GOOD

Should We Measure Happiness Instead of GDP?


French president Nicolas Sarkozy (seen here enjoying an afternoon on the beach) thinks we should. And he enlisted the help of two world-class economists to help him figure out how:From now on, [France's] economic progress will be measured in terms of happiness-bonheur. And how does one measure bonheur? Well, through things like work-life balance, rates of recycling and traffic congestion. And DIY. The president is taking his lead from a report he commissioned last year from two Nobel Prize-winning economists, the American Joseph Stiglitz and India's Amartya Sen, who concluded that new indexes are needed to measure wellbeing and environmental sustainability.Most economists will tell you that GDP isn't meant to measure wellbeing anyway. But the fact is, many people-especially policymakers and economists-pay a lot of attention to GDP without even considering that there might be important satisfactions in life that aren't best measured by money.UPDATE: GOOD contributor Jaime Wolf writes in: "I know Sarko is claiming to take his cues from the economic report that he commissioned last year, but ‘Gross National Happiness' is an index that actually originated in Bhutan in the 1970s-it was introduced by King Jigme Singye Wanchuck, who is basically known as one of Bhutan's great modernizing forces." Jaime's right that developing new economic metrics that incorporate happiness isn't entirely new, but this is the first time a G8 country has officially adopted one.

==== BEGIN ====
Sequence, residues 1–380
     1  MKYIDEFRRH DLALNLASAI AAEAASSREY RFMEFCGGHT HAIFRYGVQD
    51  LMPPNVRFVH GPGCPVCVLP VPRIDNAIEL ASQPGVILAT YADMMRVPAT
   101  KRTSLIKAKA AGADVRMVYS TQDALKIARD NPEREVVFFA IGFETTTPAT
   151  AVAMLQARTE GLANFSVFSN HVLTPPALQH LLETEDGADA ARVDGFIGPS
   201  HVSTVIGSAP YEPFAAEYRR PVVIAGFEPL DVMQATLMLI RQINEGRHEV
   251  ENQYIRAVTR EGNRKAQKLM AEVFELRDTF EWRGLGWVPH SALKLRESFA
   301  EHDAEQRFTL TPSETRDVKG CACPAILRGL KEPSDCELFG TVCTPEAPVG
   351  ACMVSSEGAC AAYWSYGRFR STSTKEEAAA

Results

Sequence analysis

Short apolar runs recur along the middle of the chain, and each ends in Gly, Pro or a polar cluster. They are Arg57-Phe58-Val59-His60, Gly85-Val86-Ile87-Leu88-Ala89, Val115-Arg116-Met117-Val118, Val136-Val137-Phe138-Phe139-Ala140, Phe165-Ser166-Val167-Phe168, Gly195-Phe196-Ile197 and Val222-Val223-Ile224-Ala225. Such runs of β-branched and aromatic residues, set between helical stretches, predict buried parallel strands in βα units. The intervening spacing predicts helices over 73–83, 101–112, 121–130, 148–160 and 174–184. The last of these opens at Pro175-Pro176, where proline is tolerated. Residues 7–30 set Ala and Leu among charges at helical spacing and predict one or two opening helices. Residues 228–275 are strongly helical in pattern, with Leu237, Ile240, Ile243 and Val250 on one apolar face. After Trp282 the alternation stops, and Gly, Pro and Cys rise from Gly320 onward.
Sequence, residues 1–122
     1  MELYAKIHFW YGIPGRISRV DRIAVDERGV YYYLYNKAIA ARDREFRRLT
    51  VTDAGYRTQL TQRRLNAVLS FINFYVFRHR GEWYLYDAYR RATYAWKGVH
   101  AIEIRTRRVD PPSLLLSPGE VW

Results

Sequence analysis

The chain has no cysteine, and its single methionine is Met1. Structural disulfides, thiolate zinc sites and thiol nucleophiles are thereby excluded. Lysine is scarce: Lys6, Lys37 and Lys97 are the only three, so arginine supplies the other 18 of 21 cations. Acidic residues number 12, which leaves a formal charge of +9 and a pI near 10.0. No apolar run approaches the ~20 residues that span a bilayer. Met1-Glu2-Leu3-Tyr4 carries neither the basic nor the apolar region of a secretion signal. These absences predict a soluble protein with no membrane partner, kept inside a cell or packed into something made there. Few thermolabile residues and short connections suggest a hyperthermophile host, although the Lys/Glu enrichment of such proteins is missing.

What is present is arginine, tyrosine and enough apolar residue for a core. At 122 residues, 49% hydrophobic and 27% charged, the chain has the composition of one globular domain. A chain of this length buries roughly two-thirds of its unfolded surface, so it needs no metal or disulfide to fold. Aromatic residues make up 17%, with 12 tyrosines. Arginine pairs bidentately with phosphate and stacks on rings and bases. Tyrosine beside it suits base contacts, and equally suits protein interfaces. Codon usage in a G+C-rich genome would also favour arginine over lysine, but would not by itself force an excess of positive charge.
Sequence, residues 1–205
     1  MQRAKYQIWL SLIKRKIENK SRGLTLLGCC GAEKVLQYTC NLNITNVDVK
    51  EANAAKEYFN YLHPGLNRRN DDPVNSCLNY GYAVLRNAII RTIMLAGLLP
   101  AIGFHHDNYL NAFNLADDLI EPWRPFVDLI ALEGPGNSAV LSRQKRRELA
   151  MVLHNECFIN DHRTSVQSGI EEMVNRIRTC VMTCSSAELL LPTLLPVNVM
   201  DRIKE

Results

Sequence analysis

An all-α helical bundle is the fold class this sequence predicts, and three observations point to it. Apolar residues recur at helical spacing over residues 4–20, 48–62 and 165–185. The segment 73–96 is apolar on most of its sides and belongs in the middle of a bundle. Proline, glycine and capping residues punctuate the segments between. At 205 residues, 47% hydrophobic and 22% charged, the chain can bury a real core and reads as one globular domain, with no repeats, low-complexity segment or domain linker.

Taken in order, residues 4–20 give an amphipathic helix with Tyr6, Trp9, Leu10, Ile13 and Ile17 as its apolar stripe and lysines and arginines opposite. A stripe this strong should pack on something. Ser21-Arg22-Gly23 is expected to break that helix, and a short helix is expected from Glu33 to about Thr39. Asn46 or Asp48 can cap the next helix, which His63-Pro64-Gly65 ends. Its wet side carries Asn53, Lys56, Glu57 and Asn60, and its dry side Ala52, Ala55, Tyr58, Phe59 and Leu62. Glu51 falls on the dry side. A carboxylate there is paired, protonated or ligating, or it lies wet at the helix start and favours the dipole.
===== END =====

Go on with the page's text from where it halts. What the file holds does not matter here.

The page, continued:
Articles
via International Monetary Fund / Flickr and Streetsblog Denver / Flickr

Seventeen-year-old Swedish climate activist Greta Thunberg made a dramatic speech Tuesday at the World Economic Forum in Davos, Switzerland.

In her address, she called for a public and private sector divestment from fossil fuel companies

"Immediately end all fossil fuel subsidies and immediately and completely divest from fossil fuels. We don't want these things done by 2050, or 2030 or even 2021 — we want this done now," she said.

U.S. Treasury Secretary Steven Mnuchin mocked the teenager on Thursday during a press briefing in Davos.

Keep Reading
The Planet

Even though marathon running is on the decline, half a million people signed up to participate in the 2020 London Marathon. It seems wild that someone would voluntarily sign up to run 26.2 miles, but those half a million people might actually be on to something. A new study published in the Journal of the American College of Cardiology found that running a marathon can help reverse signs of aging.

Researchers at Barts and University College London looked at 138 first-time marathon runners between the ages of 21 and 69. "We wanted to look at novice athletes. We didn't include people who said they ran for more than two hours a week," Dr. Charlotte Manisty, the study's senior author and cardiologist at University College London, said per CNN.

Keep Reading
via David Leavitt / Twitter and RealTargetTori / Twitter

Last Friday, GOOD reported on an infuriating incident that went down at a Massachusetts Target.

A Target manager who's come to be known as "Target Tori," was harassed by Twitter troll David Leavitt for not selling him an $89 Oral-B Pro 5000 toothbrush for a penny.

He describes himself as a "multimedia journalist who has worked for CBS, AXS, Yahoo, and others."

Keep Reading
Communities